The bathroom is a surprisingly large source of plastic waste. Is a Boie USA Body Scrubber a meaningful eco-upgrade from the plastic loofah?
I’m on a mission to make my half of the bathroom a zero waste zone. So far I have the last razor I’ll ever buy along with plastic-free shaving cream, soap, shampoo, conditioner, mouthwash and toothpaste. Recently I bought a Boie USA Body Scrubber to see if it could serve as an eco-friendly replacement for my old scrubbing standby — the loofah.
The loofah works great, but at the end of the day it’s just a rats-nest of single-use plastic. I can’t even imagine how many loofahs and sponges I’ve been through in my life, but I have a good idea of where they are now… and it’s not Loofah Heaven or back under the Earth’s crust where they came from.
Based on Boie USA’s description, their body scrubber is an eco-friendly loofah alternative. Let’s dive in to see 1) if it works and 2) what makes it eco-friendly or not.
Does The Boie USA Body Scrubber Work?
I’m a pretty tolerant and adaptable person, especially when it comes to sacrificing functionality for sustainability, but after two weeks of using this scrubber I’m not in love. That doesn’t mean I’m going to throw it away in a rage; I just don’t see myself buying another one when this one plays out.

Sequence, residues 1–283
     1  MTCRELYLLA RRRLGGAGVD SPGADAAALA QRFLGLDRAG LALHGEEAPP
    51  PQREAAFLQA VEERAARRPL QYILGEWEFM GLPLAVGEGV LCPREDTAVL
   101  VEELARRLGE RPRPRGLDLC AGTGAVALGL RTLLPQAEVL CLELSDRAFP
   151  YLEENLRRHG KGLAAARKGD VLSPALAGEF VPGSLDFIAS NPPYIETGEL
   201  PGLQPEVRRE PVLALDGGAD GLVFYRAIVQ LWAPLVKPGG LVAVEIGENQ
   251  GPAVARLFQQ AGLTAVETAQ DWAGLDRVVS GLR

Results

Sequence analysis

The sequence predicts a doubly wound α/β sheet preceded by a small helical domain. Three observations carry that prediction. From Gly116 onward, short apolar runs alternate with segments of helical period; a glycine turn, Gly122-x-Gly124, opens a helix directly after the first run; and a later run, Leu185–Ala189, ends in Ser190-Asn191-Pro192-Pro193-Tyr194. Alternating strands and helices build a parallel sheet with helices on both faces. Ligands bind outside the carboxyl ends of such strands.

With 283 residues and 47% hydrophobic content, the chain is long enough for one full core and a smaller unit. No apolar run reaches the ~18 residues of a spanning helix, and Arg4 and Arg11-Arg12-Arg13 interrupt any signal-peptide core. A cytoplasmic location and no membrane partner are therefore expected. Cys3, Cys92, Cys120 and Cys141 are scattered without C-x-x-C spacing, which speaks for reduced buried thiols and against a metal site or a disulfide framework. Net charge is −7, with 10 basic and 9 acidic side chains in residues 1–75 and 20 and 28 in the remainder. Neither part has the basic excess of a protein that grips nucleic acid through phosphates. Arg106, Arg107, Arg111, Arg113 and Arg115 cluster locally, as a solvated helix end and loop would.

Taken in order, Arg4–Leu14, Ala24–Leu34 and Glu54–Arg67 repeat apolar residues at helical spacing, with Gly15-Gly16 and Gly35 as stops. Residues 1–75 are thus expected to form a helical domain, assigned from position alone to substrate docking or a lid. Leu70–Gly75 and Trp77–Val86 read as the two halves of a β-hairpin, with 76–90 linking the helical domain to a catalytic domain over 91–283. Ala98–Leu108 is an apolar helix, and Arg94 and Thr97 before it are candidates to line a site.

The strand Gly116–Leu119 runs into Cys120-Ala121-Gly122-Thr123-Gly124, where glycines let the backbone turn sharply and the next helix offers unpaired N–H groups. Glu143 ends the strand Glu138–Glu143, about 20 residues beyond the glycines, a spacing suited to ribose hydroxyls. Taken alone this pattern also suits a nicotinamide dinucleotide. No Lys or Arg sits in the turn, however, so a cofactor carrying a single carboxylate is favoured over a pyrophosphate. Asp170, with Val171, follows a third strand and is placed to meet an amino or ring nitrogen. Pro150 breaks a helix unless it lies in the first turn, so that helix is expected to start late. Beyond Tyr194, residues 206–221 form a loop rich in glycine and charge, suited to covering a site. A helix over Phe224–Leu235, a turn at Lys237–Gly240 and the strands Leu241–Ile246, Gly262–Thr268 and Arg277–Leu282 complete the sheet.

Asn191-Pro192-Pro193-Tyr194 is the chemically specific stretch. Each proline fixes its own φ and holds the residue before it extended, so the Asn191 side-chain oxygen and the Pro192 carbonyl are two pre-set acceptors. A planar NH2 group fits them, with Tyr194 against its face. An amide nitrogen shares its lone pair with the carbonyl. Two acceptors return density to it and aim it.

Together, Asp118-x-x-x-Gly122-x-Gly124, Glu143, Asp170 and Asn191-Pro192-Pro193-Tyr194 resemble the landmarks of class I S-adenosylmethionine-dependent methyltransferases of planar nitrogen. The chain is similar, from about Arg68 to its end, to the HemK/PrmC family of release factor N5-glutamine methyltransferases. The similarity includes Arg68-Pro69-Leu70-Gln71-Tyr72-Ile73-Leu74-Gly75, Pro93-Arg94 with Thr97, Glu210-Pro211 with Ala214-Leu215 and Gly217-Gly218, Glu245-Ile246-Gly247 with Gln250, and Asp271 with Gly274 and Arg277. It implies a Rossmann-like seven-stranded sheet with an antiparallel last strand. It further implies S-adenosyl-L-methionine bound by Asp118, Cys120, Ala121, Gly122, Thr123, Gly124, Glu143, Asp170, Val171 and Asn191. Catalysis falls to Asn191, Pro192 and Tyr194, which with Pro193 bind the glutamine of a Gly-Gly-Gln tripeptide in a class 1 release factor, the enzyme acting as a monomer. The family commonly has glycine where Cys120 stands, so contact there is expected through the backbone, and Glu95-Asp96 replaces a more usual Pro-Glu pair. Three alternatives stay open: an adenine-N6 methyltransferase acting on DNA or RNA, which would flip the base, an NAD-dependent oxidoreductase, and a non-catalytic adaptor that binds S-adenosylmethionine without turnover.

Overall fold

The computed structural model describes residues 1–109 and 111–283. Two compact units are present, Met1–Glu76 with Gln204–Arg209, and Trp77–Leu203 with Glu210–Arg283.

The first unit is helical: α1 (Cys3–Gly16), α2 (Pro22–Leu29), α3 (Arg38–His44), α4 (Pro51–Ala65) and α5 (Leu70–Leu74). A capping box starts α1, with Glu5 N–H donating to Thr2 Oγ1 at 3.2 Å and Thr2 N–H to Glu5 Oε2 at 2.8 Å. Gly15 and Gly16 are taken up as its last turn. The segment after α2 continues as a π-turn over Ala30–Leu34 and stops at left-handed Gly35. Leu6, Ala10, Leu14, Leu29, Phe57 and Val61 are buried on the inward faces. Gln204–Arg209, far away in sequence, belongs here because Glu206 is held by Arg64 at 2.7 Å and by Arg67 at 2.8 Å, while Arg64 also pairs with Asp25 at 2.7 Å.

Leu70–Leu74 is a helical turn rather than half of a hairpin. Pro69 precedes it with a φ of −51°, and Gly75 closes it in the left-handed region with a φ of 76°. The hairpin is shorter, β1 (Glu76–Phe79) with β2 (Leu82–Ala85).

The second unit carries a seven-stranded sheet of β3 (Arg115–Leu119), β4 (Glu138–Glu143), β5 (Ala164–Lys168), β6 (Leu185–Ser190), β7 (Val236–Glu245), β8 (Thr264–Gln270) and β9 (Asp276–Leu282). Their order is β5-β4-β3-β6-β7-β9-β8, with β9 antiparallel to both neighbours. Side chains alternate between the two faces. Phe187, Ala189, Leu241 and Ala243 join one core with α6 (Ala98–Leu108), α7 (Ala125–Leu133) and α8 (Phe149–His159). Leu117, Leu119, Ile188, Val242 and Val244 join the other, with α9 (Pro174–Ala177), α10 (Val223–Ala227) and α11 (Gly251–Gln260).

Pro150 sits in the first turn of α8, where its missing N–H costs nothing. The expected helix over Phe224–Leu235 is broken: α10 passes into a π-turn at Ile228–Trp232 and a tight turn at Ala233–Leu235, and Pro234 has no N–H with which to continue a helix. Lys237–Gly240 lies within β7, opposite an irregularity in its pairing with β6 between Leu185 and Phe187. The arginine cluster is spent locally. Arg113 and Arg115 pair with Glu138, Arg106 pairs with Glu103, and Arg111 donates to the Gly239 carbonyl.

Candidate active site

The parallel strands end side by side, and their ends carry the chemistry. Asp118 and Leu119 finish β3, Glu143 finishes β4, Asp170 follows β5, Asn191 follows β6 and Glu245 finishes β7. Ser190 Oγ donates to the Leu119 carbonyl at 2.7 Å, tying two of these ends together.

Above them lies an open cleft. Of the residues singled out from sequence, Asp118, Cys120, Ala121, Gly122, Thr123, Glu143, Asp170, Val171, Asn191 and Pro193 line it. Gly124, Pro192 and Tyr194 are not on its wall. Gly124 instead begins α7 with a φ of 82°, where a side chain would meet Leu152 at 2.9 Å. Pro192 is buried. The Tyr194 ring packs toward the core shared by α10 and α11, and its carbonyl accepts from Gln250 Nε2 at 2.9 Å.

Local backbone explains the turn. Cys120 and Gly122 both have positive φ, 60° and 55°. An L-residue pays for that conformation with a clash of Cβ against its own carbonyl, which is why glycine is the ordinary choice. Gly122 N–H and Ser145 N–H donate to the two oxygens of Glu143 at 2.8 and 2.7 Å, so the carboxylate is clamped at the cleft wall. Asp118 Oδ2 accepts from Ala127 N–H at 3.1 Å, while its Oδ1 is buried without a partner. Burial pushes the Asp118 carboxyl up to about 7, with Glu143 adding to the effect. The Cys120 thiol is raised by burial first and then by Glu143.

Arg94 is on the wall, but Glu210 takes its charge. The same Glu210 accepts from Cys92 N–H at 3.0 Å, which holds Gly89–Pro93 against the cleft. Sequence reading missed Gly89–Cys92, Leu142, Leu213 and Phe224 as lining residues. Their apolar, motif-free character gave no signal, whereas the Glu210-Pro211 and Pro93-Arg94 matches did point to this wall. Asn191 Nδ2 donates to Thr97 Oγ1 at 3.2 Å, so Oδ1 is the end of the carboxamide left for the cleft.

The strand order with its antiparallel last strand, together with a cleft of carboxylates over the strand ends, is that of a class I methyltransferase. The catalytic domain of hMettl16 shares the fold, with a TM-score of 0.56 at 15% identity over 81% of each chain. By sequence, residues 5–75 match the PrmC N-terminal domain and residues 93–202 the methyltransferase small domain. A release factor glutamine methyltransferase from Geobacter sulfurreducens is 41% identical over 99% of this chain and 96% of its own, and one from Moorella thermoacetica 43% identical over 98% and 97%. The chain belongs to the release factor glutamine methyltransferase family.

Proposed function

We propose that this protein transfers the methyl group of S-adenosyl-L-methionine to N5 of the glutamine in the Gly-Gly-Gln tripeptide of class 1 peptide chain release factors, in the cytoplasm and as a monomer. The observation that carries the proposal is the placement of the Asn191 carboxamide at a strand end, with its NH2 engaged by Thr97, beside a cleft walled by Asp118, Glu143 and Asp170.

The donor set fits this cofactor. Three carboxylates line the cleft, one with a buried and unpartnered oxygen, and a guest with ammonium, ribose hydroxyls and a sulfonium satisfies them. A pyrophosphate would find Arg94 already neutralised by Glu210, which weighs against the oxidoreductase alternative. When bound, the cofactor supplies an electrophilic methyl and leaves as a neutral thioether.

There is a reason the product description says “just add your favorite body wash and go.” I’m a bar soap guy (no plastic waste!) and I find myself lathering and lathering to get any soap to stay on this thing. It works marginally better to apply the soap to my body first and then scrub.
The other challenge is when I finally get a scrub going, this dang thing wants to wrinkle up and fold over itself. Even with my fingers in the cutouts — which isn’t overly comfortable — it doesn’t stay flat very long which makes for a difficult scrub.
I like my showers to be a brief moment of relaxation. My body should wash itself on autopilot, leaving my mind free to wonder if turtles ever get itchy in their shells.
I just have not been able to settle into autopilot with this product.
On the bright side
The bristles do a great job of exfoliating and they are not scratchy or hard by any means. Also it’s super easy to rinse this scrubber out, whereas a loofah takes a sizable effort. I completely buy Boie USA’s claims that it is antimicrobial and holds less germs than a loofah or washcloth.